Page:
Solving the Dirty War’s mysteries

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BUENOS AIRES — Julia Delgado's parents were arrested by Argentine military officers in the city of Cordoba in 1976. Her mother was six months pregnant.

Three months later, Julia was born in a military hospital and returned to the care of her grandparents. Her parents were never seen again. “I hope that someday we'll be able to recover their remains,” Delgado said. “Because we don't know where they are or what happened to them.”

Twenty-five years after the exit of its last brutal military dictatorship, Argentina is still trying to heal painful rifts. Children of the so-called disappeared search for their true identities. Nameless corpses are found in mass graves. Some of the perpetrators have faced justice; some have not.

The fractures from that era prove hard to mend. But Argentina's quest for truth and justice continues to advance.

[Opinion: "Dirty Secrets, Dirty War" – A new book about Argentina's past and why the truth matters.]

“For the first time, we can say that we're beginning to bring the past into the light of day,” said Alvaro Fuentes of the organization Children of Exile. Fuentes was born in Mexico, after his parents fled the military junta that ruled Argentina from 1976 until 1983 — the period that the English-language media calls the “Dirty War,” a term originally used by the military to justify its violent counterterrorism campaign.

Argentines usually prefer to call it “The Era of Dictatorship,” during which an estimated 22,000 to 30,000 people were kidnapped. Most of them were taken from their homes under cover of night, and secretly detained for torture and execution — in euphemistic brevity, “disappeared.”

Although the vast majority of their bodies have never been found, it's always been thought that many were buried in mass graves at detention centers. The first one was discovered last year, a pile of 10,000 burned and broken bone fragments. The Argentine Forensic Anthropology team announced at the beginning of last month that they have traced the DNA of 42 skeletons to the families those bodies belonged to.

Very often, the disappearance of adults means another sort of disappearance for young or unborn children. Unlike Julia Delgado, who was returned to her birth family, many babies of the disappeared were adopted by childless couples linked to the military regime.

A group called the “Grandmothers of the Plaza de Mayo” took the lead in finding the birth families of these stolen children. By confirming tips with DNA tests, they've organized 10 reunions in the past year, bringing the total count to 97. It's estimated that there are still upwards of 500 grandchildren who don't know who their biological parents are. Of course, it's not clear that all of them would want to — the moment of revelation has been deeply disturbing for some.

That ambivalence has been writ large throughout the last quarter century of Argentine history. Immediately after the end of the dictatorship, the new democratic government set up the world's first truth commission, which then opened the way for trials. Within five years, however, laws had been passed that limited prosecutions, and by 1990, then-President Carlos Menem had issued pardons for many of the former military leaders, saying that Argentina could not live “bound to the past.”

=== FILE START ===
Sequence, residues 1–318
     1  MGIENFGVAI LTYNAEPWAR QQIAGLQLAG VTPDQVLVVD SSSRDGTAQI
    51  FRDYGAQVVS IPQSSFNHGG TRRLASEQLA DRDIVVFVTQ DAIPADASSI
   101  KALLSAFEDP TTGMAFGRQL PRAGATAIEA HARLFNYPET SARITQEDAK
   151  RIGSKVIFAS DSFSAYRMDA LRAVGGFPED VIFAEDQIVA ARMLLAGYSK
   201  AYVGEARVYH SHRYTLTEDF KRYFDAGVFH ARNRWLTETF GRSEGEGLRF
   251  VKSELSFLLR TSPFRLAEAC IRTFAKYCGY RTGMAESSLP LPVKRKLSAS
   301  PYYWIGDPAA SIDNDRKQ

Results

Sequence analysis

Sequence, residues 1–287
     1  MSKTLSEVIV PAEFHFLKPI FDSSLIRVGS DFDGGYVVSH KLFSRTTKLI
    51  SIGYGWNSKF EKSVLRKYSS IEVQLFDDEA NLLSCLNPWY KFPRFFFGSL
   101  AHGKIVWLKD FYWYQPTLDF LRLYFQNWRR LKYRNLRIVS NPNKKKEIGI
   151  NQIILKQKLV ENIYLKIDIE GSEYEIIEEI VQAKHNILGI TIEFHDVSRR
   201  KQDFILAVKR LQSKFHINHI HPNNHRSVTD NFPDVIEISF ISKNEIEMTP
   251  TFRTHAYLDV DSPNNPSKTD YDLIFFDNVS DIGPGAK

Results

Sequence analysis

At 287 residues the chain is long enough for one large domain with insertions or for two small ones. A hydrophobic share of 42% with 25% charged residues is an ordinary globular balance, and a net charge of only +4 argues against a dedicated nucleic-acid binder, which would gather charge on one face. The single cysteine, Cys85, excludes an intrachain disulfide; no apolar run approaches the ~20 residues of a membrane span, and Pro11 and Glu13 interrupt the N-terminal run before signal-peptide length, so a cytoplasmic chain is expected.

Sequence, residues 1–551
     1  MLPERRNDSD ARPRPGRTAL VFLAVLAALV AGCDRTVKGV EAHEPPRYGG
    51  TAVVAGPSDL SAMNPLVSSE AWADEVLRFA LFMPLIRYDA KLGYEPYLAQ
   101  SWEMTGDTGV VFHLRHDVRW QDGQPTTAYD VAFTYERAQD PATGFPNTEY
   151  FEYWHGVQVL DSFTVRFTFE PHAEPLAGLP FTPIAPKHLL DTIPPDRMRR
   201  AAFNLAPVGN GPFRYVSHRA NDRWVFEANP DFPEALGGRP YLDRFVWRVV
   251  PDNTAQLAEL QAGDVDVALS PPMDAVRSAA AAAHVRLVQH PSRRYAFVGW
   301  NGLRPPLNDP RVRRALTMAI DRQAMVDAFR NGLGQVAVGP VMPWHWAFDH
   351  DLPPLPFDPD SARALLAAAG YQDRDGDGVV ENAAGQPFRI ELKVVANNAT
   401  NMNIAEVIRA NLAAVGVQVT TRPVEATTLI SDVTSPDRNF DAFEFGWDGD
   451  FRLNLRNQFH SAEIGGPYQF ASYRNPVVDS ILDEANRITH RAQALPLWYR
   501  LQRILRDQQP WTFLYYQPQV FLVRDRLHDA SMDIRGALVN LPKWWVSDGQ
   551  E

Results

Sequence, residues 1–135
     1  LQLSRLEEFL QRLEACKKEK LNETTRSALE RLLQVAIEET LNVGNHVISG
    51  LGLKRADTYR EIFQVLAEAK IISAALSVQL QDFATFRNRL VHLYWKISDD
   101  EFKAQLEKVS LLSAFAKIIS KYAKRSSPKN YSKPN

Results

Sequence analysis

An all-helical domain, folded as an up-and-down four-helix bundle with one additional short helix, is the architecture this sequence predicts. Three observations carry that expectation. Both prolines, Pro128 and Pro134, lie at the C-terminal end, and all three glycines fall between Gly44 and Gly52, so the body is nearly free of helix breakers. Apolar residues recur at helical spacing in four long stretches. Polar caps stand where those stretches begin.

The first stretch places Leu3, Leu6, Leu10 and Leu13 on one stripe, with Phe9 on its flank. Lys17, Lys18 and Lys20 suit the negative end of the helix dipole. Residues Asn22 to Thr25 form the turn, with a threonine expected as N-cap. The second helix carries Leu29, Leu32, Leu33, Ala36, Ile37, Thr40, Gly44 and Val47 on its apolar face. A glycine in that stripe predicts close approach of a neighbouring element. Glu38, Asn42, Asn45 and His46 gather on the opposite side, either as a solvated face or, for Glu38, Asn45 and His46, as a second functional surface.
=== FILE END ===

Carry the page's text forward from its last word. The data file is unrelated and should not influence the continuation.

But starting in 2003, the Supreme Court and a new government began to overturn the pardons, opening a new stage in Argentina's self-interrogation. In a ruling last month on the life sentences of the two former military commanders, the national appeals court upheld the constitutional "impossibility of granting pardons for crimes against humanity." Patricia Valdez, director of the organization Open Memory, says that this reckoning is the only way for society to move forward.

President Cristina Fernandez de Kirchner, continuing the trajectory of her husband, previous president Nestor Kirchner, promised to finish all prosecutions of Dirty War criminals by the end of her term in 2011. In February, however, the president complained of judicial delays, saying that “justice has still not been served.”

And in some cases, justice may never be served. There has been a string of suicides of indicted former military officers — three this year. According to the Center for Legal and Social Studies (CELS), 176 suspects are deceased and another 40 are fugitives from justice. CELS suspects 1,129 people of “state terrorism,” and 419 already have charges pending against them.

The convictions are piling up. Last year there was a record-high 28 convictions, according to the newspaper Clarin. In July, a former commander of La Perla detention center — where Julia Delgado's parents were held and where only 17 of more than 2,200 prisoners survived — got a life sentence for the torture and murders he oversaw.

There have also been exercises in memory. Among other former jails for the disappeared, La Perla has become a national memorial and the infamous Navy Mechanics School is now a museum. The building itself is material evidence in what CELS calls an ongoing “mega-case,” a trial involving 148 defendants and thousands of victims.

But like everything else in Argentina, memory is political. The dictatorship's campaign of extermination was ideologically motivated, a right-wing reaction to left-wing extremism, and these fault lines are still visible here.

Open Memory's Valdez has seen how memory unfolds in different countries across Latin America — she spent years in Peru, and directed El Salvador's truth commission. “There are people that say that the past in Argentina doesn't pass, and is always present,” Valdez said. “I think they're right.”

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